The problem of the perfect forms seems to present more difficulty and considerable differences of opinion. The perfect forms are regarded by some scholars as not referring an action to any definite point of time, but only expressing priority with regard to the moment of speaking (the present perfect), to a definite moment in the past (the past perfect) or the future (the future perfect). In contrast to the Indefinite forms the Perfect forms are treated as relative tenses, other authors are inclined to regard the Perfect forms not as an expression of tense but as aspect forms. Their opinions differ, however, as to the nature of that aspect: some scholars assign resultative meaning to the Perfect forms, others-the meaning of complexion. A very interesting theory of the Perfect forms is suggested by Prof. I. Smirnitskiy. He treats them as a new grammatical category which is neither tense nor aspect. This category is constituted by the opposition of all in conversa-
tions, including the Perfect forms to all the NonPerfect forms. The Non-Perfect forms, according to the American scholar M. Joos, show that the action and its effect are simultaneous with each other, whereas the Perfect forms emphasize that the effect of the action is delayed, i.e. the forms of attention in the Perfect forms is not on the action itself but on the effect. In Joos’ opinion the Perfect forms have resultative meaning. He objects to ascribing the meaning of priority to these forms as their basic meaning.
Let’s see the basic meaning of the Present Perfect then it is expedient to describe the use of the various forms according to the time sphere to which they belong, one of them being the Present Perfect. The Present Perfect falls within the time sphere of the Present and is not used in narration where reference is made to past events.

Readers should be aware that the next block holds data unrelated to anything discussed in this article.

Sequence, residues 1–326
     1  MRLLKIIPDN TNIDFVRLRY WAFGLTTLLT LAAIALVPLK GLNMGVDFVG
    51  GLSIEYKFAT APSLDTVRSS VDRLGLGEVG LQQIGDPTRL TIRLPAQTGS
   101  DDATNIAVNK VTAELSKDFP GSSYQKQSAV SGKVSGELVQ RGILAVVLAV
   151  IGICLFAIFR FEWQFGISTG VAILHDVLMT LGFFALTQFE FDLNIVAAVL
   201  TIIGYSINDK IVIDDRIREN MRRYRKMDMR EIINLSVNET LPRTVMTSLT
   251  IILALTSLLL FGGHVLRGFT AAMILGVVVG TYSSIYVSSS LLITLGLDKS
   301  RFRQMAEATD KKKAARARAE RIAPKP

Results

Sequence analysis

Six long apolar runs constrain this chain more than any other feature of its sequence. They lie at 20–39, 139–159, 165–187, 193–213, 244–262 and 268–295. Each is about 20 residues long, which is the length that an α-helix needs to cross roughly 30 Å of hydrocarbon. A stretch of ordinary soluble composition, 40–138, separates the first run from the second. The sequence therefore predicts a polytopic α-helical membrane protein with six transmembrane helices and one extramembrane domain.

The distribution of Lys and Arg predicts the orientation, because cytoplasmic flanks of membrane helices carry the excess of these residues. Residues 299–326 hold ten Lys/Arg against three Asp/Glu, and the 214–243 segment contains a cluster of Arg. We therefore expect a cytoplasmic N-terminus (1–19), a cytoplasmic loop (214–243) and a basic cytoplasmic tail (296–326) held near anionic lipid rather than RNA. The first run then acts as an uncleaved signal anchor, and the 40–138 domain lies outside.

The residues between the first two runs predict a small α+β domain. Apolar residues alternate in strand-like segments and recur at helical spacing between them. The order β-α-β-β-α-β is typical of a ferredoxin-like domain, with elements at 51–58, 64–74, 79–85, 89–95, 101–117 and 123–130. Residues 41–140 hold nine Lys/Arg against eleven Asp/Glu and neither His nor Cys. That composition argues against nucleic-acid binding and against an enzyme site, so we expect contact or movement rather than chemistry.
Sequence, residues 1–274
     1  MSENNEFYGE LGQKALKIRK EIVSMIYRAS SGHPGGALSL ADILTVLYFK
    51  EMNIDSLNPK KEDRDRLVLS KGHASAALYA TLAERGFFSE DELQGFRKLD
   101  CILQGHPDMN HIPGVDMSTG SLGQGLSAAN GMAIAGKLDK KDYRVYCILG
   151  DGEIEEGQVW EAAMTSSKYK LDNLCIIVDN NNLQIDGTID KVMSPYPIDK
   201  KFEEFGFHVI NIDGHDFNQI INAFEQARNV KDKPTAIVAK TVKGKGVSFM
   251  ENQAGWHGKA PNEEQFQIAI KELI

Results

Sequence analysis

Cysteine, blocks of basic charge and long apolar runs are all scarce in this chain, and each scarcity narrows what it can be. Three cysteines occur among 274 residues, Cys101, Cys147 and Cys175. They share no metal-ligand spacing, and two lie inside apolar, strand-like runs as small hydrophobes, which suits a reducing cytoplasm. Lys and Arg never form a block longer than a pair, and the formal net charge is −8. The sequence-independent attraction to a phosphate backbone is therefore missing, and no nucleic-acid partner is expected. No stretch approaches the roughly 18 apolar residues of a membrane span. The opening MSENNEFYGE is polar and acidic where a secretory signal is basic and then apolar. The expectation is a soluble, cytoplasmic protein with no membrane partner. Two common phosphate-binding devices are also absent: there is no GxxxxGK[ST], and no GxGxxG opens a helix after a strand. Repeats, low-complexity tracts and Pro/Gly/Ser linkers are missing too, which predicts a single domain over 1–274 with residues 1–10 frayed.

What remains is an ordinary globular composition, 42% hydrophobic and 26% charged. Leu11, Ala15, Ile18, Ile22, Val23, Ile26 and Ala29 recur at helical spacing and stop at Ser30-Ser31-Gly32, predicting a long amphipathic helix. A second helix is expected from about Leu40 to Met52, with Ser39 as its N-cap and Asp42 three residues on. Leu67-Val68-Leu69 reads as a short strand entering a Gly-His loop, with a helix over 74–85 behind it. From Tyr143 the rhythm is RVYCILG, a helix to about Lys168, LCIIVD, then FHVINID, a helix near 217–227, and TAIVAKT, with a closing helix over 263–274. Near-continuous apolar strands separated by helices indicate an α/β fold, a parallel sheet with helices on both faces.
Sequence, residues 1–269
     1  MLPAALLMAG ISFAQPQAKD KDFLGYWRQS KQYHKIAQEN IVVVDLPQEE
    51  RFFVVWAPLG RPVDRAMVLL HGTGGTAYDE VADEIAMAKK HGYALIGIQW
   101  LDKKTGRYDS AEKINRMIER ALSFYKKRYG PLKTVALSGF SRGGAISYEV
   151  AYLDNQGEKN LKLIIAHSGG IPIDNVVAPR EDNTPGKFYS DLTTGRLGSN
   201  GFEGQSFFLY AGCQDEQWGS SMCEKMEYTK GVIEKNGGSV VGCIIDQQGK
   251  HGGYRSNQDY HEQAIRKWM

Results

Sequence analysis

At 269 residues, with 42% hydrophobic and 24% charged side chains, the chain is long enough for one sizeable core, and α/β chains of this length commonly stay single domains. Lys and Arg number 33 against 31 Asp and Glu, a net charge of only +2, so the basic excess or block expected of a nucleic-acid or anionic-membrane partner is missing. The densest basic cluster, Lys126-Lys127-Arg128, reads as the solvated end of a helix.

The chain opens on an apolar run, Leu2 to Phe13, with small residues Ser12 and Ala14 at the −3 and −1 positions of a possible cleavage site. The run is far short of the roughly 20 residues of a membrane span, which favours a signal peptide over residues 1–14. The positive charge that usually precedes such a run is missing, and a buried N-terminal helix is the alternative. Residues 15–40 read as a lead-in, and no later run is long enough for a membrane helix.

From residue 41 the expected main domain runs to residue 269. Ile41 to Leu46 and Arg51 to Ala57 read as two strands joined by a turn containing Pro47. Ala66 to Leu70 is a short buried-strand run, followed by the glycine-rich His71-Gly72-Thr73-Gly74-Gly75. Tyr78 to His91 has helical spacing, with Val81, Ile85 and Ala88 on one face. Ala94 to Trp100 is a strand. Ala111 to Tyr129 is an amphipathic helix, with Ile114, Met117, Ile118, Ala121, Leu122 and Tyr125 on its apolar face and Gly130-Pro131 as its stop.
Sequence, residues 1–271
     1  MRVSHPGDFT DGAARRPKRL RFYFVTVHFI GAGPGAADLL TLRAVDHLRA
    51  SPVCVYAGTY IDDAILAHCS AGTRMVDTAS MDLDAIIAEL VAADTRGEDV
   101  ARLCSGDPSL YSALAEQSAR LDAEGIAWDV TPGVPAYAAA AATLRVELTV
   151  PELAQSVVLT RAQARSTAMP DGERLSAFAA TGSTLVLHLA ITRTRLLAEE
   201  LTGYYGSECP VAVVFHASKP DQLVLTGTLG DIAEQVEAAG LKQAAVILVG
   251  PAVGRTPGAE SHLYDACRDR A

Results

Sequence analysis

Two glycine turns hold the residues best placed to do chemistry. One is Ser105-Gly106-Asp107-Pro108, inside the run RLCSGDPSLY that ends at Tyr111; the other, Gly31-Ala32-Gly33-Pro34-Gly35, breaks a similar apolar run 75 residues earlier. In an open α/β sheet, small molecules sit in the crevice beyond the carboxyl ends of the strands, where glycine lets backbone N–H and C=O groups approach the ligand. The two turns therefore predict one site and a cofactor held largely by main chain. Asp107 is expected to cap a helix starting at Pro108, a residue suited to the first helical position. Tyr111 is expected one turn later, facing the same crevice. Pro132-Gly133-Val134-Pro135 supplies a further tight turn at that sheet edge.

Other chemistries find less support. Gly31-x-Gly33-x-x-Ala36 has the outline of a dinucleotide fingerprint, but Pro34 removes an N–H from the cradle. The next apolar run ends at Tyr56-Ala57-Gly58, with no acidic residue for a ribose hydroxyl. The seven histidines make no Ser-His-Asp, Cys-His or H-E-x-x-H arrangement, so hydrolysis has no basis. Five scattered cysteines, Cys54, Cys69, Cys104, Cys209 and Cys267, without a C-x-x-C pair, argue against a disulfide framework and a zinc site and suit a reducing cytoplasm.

Grammars, as a rule, lay special stress on the fact that the Present Perfect denotes a past action
The category of time relation the present perfect tense which is connected with the present, having a bearing on it. Hence, it is sometimes said to be a sort of mixture of the past and the present. It follows from that that the Present Perfect is used in present time contexts, i.e. including plays and dialogues in narratives, newspaper and wireless reports, lectures and letters.
The Present Perfect has three distinctive uses: Present Perfect I, Present Perfect II and Present Perfect III.
Present Perfect I is used when the speaker merely states that an action took place in the past without mentioning any definite circumstances under which it occurred. Although the action was accomplished in the past, it belongs to the present time sphere because it definitely has a bearing on the present situation. It is the happening itself that matters in the speaker’s opinion, the circumstances of the action being immaterial at the moment. The Present Perfect may be said to have nominating power as it is used just to name a past occurrence, summing it up, as it were. As a rule, the Present Perfect serves to denote single accomplished actions:
I’ve had a talk with him. He says he has all the proof he wants.
Мен онымен сөйлескен болатынмын. Ол өзіне керекті дәлелдің барлығы бар екенін айтты.
“I have spoiled everything,” she said.
“Мен бәрін де бүлдіріп алдым-ау,”-деді ол.
But it may also express recurrent actions or actions or states of some duration
“You’ve so often been helpful in the past.” “I’ve tried,” said Sir Joseph.
“Бұрын сіз сондай жиі қолғабыс тигізіп жүретін едіңіз ғой.” “Мен тырысатынмын,”деді Джозеф мырза.
Since the Present Perfect serves to name a past occurrence, it is frequently used to open up conversations (newspaper and wireless reports, or letters) or to introduce a new topic in them. However, if the conversation (report, letter) continues on the same subject, going into detail, the Present Perfect usually changes to the Past Indefinite, the function of the latter being to refer to actions or situations which are definite in the mind of the speaker. Usually (but not necessarily) some concrete circumstances of the action (time, place, cause, purpose, manner, etc.) are mentioned in this case.
“Pussy Cat, Pussy Cat, Where have you been?” “Марқау, марқау,
Сен кайда болдың?” “I’ve been to London To look at the Queen”
“Патшайымды көру үшін Лондонға бардым” “Pussy Cat, Pussy Cat
What did you see there?” “Марқау, марқау,
Сен онда не көрдің?” “I saw a little mouse Under her chair”
“Патшайымның орындығының астынан Кішкентай тышқанды көрдім”
As is seen from the above examples, the Present Perfect names a new action and the attention is focused on the action itself, whereas the Past Indefinite is used to refer back to a definite action and often the attention is drawn rather to the circumstances attending the action than the action itself.